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INTRODUCTION TO FIRST EDITION.

It is difficult to know whether to call this little book a first edition or a second edition. It is a first edition of the Sale of Goods Act, 1893, but it is a reproduction of my book on the Sale of Goods, published in 1890, which was in substance a commentary on the Sale of Goods Bill. The clauses of the Bill, with a few verbal alterations, formed the large type propositions of the book. But though the language of the propositions remains the same, its effect is now very different. Those propositions were only law in so far as they were correct and logical inductions from the decided cases. Now the position is reversed. The propositions have become sections in the Act, and the decided cases are only law in so far as they are correct and logical deductions from the language of the Act. Each case, therefore, must be tested with reference to the Act itself. But it may be none the less useful to the reader to call his attention to the decisions which formed the basis of the various sections, and which were intended to be reproduced in the Act. In so far as the law is unaltered, they are still in point as illustrations.

The history of the Act is as follows: The Bill was originally drafted by me in 1888. I then settled it in consultation with Lord Herschell, who kindly consented to take charge of it. In 1889, Lord Herschell introduced

on it.

it in the House of Lords, not to press it on, but to get criticisms on it. In 1890 there was no opportunity of proceeding with it, but in 1891 the Bill was again introduced in the Lords, and referred to a Select Committee. It had in the mean time been criticised by Lord Bramwell, Mr. Walter Ker, and other friends, and the Bar Committee had submitted a valuable memorandum

In the Lords it was carefully considered by a Select Committee, consisting of Lords Herschell, Halsbury, Bramwell, and Watson. A question arose as to its extension to Scotland, so the Bill stood over till 1892. It was then again introduced in the Lords, and extended to Scotland, on the advice of Lord Watson, who had consulted various Scotch legal authorities. Professor Richard Brown and Mr. Spens of Glasgow took an infinity of pains to suggest the necessary amendments. In 1893 the Bill was again passed through the Lords in the form in which it was settled in 1892. then considered by a Select Committee of the House of Commons and further amended. The Committee consisted of Sir Charles Russell, A.G., Sir R. Webster, Q.C., Mr. Asher, Q.C. (the Scotch Solicitor-General), Mr. Shiress Will, Q.C., Mr. Bousfield, Q.C., Mr. Ambrose, Q.C., and Mr. Mather. Some of the amendments introduced by the Commons were modified on its return to the Lords, and it was finally settled in its present form.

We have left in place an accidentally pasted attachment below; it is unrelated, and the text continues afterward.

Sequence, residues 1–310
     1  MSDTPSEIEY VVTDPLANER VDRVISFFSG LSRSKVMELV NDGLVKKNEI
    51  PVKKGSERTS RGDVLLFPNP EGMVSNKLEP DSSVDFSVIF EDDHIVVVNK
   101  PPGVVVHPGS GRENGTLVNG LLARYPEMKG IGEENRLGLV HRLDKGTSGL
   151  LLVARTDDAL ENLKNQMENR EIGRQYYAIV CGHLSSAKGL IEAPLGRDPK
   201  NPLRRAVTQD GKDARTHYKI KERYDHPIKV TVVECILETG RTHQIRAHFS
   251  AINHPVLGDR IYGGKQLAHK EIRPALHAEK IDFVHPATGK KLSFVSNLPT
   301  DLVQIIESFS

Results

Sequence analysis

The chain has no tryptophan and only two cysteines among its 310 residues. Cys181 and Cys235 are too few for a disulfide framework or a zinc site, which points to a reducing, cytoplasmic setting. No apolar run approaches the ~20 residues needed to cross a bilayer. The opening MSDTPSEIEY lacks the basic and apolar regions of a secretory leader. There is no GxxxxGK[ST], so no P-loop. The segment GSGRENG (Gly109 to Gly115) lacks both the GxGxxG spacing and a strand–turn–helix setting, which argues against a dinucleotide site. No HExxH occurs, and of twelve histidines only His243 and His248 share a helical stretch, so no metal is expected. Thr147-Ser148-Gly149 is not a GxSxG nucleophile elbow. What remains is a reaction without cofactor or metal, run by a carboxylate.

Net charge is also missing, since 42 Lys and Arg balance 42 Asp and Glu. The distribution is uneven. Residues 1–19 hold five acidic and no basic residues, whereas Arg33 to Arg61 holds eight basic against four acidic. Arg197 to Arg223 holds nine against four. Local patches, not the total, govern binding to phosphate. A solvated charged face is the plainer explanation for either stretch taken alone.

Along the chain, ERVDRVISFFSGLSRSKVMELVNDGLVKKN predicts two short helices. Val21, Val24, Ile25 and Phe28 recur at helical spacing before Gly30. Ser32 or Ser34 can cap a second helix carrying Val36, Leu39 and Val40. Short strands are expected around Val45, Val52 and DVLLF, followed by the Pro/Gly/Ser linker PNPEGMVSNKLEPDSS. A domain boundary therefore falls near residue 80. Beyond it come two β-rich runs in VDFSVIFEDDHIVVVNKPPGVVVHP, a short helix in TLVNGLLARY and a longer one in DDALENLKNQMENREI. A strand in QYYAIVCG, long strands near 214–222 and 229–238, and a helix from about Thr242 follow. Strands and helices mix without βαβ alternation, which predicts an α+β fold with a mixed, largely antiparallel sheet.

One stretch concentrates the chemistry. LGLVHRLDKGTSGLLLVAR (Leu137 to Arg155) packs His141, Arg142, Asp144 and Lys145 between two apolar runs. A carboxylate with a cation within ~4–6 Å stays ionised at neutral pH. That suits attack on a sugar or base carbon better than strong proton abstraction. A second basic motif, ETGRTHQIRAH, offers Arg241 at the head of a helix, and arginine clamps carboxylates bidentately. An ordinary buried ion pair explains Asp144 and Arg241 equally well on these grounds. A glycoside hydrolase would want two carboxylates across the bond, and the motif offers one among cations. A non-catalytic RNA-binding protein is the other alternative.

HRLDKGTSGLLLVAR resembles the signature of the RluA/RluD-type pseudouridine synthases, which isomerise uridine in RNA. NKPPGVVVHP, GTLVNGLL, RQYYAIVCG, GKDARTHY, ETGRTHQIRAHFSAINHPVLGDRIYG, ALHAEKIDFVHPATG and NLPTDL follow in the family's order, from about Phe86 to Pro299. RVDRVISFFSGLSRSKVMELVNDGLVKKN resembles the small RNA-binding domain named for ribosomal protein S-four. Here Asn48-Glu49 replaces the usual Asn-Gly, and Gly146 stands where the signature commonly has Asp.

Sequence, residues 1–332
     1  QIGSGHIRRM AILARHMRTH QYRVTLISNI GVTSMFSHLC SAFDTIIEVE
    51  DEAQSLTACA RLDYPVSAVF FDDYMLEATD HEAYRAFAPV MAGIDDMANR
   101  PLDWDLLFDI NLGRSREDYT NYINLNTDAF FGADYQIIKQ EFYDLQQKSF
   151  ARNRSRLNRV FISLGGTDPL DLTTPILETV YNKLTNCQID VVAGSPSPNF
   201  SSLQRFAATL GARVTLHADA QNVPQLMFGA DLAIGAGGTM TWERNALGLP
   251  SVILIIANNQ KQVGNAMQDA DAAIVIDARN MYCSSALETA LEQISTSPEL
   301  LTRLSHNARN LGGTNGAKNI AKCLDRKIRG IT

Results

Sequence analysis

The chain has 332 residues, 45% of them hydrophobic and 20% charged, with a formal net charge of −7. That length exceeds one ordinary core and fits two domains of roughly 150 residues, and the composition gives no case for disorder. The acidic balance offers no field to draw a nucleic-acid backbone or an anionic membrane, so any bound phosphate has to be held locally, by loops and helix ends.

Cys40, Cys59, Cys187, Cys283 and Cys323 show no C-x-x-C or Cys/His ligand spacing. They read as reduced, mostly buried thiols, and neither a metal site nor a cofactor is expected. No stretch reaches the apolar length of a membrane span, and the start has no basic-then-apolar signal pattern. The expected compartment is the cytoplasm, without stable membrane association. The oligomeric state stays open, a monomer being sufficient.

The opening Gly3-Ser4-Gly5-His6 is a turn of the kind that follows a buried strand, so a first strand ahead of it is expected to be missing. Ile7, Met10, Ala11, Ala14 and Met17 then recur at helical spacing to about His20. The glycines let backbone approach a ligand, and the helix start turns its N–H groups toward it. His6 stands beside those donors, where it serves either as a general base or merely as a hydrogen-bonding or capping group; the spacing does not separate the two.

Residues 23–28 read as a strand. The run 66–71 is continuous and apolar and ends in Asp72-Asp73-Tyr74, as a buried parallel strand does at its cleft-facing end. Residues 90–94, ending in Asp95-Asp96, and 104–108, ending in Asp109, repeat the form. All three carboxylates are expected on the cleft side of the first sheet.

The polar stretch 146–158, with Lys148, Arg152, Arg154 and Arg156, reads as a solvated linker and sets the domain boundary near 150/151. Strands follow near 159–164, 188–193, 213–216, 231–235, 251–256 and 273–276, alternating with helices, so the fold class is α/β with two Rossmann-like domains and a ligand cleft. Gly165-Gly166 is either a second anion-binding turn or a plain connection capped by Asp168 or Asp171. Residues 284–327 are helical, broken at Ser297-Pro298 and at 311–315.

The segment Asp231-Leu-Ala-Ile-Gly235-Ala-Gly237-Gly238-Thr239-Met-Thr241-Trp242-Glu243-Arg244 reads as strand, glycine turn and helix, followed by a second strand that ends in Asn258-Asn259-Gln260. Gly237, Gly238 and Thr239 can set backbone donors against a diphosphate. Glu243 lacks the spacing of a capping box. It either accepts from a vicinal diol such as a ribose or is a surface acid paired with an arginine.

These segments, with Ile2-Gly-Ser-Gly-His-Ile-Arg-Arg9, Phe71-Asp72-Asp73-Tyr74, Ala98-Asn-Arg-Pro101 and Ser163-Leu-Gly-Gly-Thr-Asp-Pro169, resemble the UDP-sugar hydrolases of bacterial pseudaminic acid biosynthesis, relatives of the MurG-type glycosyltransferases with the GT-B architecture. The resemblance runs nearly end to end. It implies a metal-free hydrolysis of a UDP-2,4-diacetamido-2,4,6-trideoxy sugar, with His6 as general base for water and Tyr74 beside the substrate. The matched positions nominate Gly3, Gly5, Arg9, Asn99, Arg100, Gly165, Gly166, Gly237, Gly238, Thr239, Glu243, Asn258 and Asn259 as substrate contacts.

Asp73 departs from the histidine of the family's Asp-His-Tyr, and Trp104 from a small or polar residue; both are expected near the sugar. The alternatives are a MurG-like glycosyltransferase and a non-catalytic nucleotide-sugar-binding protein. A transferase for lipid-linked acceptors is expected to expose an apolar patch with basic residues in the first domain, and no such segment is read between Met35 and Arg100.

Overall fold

The Bill, in its original form, was drafted on the same lines as the Bills of Exchange Bill. On Lord Herschell's advice, it endeavoured to reproduce as exactly as possible the existing law, leaving any amendments that might seem desirable to be introduced in Committee on the authority of the Legislature. So far as England is concerned, the conscious changes effected in the law

It was

have been very slight.